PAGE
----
Next week, Congress plans to move a bill forward that is opposed by dozens of organizations, digital rights protectors, LGBTQ+ activists, and human rights defenders: the Kids Online Safety Act (KOSA). As we’ve written before, KOSA would lead to censorship and privacy invasions for all social media users. But the most impacted groups will be young people, who the bill purports to help by banishing to a second-class internet. What’s often been left out of the debate over KOSA is how young people feel about this. In fact, many teenagers already oppose the bill. Young TikTok users have been rallying one another to call and email legislators to push back on the bill, and videos describing what’s wrong with KOSA have received hundreds of thousands of views.
An attorney who worked with Minnesota Democrats to craft the new ‘Driver’s Licenses For All’ bill, recently signed into law, spoke to Unicorn Riot about the bill’s privacy provisions that reportedly prevent driver data from being shared with the feds. On March 2, the Democrat-controlled Minnesota state legislature passed the “Driver’s Licenses For All” bill, restoring driving privileges to all Minnesota residents regardless of immigration status. Democratic Governor Tim Walz signed the bill into law on March 7. This legislation comes after a 20-year struggle. In 2003, GOP Governor Tim Pawlenty unilaterally revoked the right of some Minnesotans to obtain a driver’s license by mandating proof of legal residency in the United States, such as a Social Security Number from applicants.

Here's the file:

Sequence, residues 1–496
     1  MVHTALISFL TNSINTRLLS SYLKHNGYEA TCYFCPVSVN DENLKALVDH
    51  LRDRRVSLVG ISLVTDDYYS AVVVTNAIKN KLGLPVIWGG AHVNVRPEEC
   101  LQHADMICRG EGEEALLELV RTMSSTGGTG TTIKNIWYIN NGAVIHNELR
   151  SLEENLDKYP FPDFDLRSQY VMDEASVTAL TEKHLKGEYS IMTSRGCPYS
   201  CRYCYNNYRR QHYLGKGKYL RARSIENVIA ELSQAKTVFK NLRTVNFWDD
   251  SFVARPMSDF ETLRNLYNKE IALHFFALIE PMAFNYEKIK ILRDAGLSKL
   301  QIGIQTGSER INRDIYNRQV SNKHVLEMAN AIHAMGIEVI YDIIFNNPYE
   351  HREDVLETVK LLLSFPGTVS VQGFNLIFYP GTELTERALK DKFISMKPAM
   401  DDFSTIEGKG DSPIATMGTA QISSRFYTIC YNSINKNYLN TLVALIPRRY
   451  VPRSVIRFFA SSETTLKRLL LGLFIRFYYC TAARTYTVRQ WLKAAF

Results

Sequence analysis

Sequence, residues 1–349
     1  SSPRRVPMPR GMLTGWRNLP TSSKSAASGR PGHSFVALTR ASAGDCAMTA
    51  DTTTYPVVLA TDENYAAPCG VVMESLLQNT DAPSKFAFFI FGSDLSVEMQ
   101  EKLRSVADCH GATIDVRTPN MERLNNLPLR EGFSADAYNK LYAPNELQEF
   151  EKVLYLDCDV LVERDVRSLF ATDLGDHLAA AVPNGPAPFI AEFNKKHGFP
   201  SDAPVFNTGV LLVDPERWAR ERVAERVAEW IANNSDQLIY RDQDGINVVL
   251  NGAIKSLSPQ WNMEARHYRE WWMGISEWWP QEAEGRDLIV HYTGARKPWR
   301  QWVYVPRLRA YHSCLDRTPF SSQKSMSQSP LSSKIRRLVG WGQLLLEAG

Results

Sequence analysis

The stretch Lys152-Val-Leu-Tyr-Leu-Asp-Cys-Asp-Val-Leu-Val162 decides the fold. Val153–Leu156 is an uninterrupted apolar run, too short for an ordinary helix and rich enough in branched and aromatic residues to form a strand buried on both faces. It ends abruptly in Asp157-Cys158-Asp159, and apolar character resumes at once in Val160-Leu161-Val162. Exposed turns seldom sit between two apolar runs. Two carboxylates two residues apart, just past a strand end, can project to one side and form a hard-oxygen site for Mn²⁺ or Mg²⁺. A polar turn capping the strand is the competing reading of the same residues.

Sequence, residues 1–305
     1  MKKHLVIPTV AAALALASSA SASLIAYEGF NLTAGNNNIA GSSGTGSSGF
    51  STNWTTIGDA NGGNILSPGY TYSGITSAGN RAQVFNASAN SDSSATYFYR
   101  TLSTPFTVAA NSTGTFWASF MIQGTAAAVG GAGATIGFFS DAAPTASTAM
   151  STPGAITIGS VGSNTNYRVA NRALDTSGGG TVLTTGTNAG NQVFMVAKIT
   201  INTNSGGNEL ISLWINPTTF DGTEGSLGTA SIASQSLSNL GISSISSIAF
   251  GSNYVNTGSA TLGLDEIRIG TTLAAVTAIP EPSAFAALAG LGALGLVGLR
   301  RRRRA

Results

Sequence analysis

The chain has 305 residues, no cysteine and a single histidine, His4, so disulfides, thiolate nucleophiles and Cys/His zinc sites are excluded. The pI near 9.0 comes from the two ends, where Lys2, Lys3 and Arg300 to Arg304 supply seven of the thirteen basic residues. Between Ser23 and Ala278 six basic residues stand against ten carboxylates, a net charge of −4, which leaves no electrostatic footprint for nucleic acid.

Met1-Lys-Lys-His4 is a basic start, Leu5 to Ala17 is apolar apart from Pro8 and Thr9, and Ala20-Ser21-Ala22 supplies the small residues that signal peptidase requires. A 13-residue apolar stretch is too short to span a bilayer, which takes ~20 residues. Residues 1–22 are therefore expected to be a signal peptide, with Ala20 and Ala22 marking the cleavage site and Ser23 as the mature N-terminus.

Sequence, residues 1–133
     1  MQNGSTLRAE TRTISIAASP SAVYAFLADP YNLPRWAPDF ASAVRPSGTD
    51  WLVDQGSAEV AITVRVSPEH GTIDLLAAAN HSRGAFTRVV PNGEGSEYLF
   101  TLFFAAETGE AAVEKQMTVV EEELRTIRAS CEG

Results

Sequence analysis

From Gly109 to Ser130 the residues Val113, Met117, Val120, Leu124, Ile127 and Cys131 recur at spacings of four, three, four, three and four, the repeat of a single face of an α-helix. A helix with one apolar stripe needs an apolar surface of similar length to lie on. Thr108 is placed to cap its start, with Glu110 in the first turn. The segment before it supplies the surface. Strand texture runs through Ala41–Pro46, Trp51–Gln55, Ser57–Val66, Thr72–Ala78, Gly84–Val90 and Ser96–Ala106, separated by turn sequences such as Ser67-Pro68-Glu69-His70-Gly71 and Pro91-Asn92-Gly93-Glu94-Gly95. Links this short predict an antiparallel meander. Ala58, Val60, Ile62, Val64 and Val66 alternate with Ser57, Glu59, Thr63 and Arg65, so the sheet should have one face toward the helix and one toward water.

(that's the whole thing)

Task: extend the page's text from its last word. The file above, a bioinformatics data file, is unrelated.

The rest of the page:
In 2014-15, a broad social movement won net neutrality, but that victory was taken away by the chair of the Federal Communications Commission, Ajit Pai, under the Trump administration. President Biden, promising to restore net neutrality, appointed a favorable chairperson, Gigi Sohn, but his administration and Democrats in Congress failed to defend her from a successful attack by the Telecommunications industry. Clearing the FOG speaks with Evan Greer, director of Fight for the Future, about the current campaign to push for a new FCC commissioner, what is behind the assault on Tik Tok, including a dangerous piece of legislation called the RESTRICT Act, and how corporations are using facial recognition technology for their own agendas.
The Central Intelligence Agency and former CIA director Mike Pompeo notified a federal court in New York that they intend to push for the dismissal of a lawsuit that alleges that they were involved in spying against attorneys and journalists who visited WikiLeaks founder Julian Assange in Ecuador’s London embassy. Both the CIA and Pompeo maintain that the “allegations in the complaint do not establish a violation of the Fourth Amendment [right to privacy].” In August 2022, four Americans who visited Assange in the embassy sued the CIA and Pompeo in his individual capacity: Margaret Ratner Kunstler, a civil rights activist and human rights attorney; Deborah Hrbek, a media lawyer, represented Assange or WikiLeaks; journalist John Goetz, who worked for Der Spiegel when the German media organization first partnered with WikiLeaks; and journalist Charles Glass, who wrote articles on Assange for The Intercept.